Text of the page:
Have a scriptural question? Check the Q&A Archive or write to our Bible expert: witheringtonb@staff.beliefnet.com.

In this column, Ben Witherington III answers questions about:
  • Seeing spouses in heaven
  • Forgiveness of all sins
  • Greed and hard work
  • Peace in the Middle East
  • Drinking alcohol
  • The Jehovah's Witness Bible

    I know wedding vows say 'until death do us part.' Does this mean that once in heaven you are no longer with your spouse? What about your children or other family members? It saddens me to think that I won't spend eternity with my husband. Also, where in the Bible does it describe what life in heaven is like? --Kelly S.

    The Bible in fact says very little about life in heaven after death. We could turn to the parable of the rich man and Lazarus in Luke 16:19-31, but it is just that, a parable--a form of literary fiction. What this parable shows is that there is a heaven and there is a hell, but it tells us nothing about whom one will spend their time with in either locale. The book of Revelation says the most about heaven, but again apocalyptic literature is highly figurative in character, being made up of visions. Revelation 4-5 suggest heaven is a wonderful place where the saints dwell with God, but one can not deduce much more. It is interesting to note, however, that the martyrs are cranky in Revelation 6:9-10, wanting to know how long before God will judge their tormentors.

    Paul in Romans 7:1-4 reminds us that when one's husband dies, one is no longer bound to him, which means, among other things, that one can remarry. This makes perfectly clear that marriage is an earthly institution, not a heavenly one. Jesus makes this clear as well when he says in the resurrection there will be neither marrying nor being given in marriage (Mark 12:25), which means marrying will not be going on at the eschaton either.

    But perhaps we are asking the wrong question. The focus of the New Testament is not on life in heaven after death but on life after Jesus returns to earth and the dead in Christ are raised. The images of the messianic banquet in the Gospels, or of the new earth after it has been transformed by the new heaven that comes down with Jesus in Revelation 21, make clear that it will be wonderful. Perhaps we can say that the communion we will have with everyone then and there will be as blessed, or more blessed, than even the best moments in earthly marriage.

    When you become a Christian and ask for forgiveness for your sins, you are forgiven. I read that after we die and we are in front of God, all of the Book of Life is opened and we are judged by it! Why is that? I thought we were forgiven for all our sins. Why, then, are we still judged for them? --Linda M.

    The fact that a person is forgiven does not mean that there are not consequences for sin. We experience this all the time in our broken relationships in this life. We may be forgiven, but the relationship has been irreparably damaged and there are scars. The references to the Book of Life in Revelation about rewards correspond with what Jesus says about rewards in heaven. One could also consult what Paul says in 1 Corinthians 3:10-15 about the testing of even Paul's works. These texts all suggest that even Christians must render account for the deeds they have done in the body, and there will be rewards, or the lack thereof, for their behavior in this life. Salvation is not a reward, salvation is by grace and through faith, but there will be rewards in heaven for works that glorify God and edify others.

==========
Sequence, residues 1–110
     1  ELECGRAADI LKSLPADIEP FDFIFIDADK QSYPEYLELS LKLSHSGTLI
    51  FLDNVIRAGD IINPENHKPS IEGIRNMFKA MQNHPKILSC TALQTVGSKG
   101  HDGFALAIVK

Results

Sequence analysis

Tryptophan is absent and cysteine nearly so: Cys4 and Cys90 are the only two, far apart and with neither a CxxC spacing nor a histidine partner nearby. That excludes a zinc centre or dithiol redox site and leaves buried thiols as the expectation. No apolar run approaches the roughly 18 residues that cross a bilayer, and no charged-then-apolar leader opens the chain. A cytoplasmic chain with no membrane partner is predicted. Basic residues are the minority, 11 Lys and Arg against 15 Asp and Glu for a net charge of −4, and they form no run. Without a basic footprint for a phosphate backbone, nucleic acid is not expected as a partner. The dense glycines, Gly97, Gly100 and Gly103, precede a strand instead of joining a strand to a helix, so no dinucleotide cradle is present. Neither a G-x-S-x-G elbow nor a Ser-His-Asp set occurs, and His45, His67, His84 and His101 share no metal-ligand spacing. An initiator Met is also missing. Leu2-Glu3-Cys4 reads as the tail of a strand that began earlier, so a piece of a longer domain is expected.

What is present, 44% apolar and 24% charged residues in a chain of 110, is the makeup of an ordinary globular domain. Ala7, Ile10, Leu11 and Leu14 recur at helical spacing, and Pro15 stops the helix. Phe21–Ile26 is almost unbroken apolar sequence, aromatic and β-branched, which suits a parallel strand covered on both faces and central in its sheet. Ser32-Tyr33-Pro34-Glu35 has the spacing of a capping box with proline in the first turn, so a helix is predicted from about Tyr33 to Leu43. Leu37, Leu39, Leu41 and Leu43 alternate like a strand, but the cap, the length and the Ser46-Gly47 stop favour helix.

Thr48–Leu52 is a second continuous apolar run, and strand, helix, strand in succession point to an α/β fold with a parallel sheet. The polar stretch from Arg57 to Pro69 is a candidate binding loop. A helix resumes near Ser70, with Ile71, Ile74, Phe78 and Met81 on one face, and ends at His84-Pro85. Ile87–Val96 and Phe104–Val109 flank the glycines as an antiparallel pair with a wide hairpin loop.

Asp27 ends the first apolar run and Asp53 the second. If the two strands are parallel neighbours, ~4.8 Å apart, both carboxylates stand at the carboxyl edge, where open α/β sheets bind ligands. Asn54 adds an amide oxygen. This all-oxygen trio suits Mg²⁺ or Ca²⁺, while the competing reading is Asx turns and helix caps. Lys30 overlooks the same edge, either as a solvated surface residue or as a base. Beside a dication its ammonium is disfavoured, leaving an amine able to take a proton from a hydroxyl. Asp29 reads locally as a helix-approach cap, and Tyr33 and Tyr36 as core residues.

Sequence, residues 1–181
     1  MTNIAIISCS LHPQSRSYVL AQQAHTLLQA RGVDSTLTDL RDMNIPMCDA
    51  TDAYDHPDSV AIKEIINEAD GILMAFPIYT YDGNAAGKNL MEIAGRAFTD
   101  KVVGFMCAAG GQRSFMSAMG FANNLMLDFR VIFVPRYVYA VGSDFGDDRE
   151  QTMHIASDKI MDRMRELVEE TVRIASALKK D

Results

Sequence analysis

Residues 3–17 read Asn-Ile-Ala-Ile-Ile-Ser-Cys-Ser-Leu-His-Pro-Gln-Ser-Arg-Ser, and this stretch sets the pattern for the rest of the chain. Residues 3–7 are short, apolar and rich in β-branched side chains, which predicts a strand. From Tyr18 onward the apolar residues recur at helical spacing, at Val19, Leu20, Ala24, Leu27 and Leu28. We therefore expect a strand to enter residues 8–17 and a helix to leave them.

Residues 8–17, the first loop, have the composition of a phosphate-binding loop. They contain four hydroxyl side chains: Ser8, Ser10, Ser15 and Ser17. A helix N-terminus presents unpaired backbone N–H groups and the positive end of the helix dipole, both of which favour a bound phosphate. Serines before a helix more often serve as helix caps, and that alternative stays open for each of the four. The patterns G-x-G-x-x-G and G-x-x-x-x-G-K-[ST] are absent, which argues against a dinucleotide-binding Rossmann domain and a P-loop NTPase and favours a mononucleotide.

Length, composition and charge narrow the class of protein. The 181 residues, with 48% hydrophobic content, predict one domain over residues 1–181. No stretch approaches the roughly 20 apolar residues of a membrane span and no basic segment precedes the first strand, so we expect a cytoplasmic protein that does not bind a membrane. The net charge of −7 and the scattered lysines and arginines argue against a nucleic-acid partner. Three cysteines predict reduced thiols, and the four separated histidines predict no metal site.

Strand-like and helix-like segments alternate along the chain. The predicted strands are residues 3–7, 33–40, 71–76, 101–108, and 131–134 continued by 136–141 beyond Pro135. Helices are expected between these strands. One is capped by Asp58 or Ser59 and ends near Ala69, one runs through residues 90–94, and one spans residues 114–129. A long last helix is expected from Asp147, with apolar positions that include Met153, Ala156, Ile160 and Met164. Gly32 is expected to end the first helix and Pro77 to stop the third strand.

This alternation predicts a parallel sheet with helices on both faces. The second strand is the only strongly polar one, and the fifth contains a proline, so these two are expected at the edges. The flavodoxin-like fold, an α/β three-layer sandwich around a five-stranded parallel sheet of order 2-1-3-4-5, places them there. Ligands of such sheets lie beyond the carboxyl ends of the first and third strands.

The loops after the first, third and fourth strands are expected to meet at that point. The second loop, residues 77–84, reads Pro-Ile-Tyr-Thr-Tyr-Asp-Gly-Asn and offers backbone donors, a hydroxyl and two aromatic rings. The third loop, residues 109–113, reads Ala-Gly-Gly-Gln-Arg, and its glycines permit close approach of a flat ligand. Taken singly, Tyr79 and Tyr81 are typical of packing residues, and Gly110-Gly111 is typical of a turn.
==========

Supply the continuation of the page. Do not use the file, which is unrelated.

Recently in a Bible study group there was mention of the fact that the Bible says there will never be peace in the Middle East. I'm not sure if this just refers to Israel or the entire region. Can you tell me where this scripture is found if it exists? --Jmontgo

    Such a text does not exist, but it is true that there will be no final peace until the new heaven and new earth come after the return of Christ, as Revelation 21-22 makes perfectly clear.

    I have been working for three Mormon doctors for two years. The owner doctor is angry because the two employee doctors do not see enough patients. I instituted a production-based bonus to encourage the other two doctors. It seemed to help for several months as the clinic had more patients. Recently the two doctors went to the owner doctor and said they should not be so busy - that I am making them see too many patients (they are below national average of optometry benchmarks) and that I am greedy. The owner doctor told me that we should not see too many patients and read me 2 different passages about greed from the Bible - one was from Timothy and I think the other one may have been Matthew. I have been trained to run offices and feel this was very inappropriate - when I came to the practice it was almost bankrupt. Now we actually have a small profit margin. Does the Bible say that you are greedy when you try to do the best job that you know how? Does the Book of Mormon say anything about greed?? The only people who profit from the increase are the doctors. I am on salary and receive the same amount of money whether I do a good job or not. Are there any scripture in the Bible that relate to this issue?
    --Rebecca P.

    Several scriptures come to mind that could be of relevance, so let's start with the first issue, which is work. Paul is perfectly clear that those who refuse to work, and indeed to work with some industry, should not eat (2 Thessalonians 2:10-13). On the other hand, Paul is also clear that people who do work deserve to be paid according to the work they do--"a workman is worthy of his hire." You may want to quote to them Galatians 6:5--"each person should carry their own load!" You may also want to point them to 1 Thessalonians 5:12-14, which speaks of warning the idle and respecting hard work.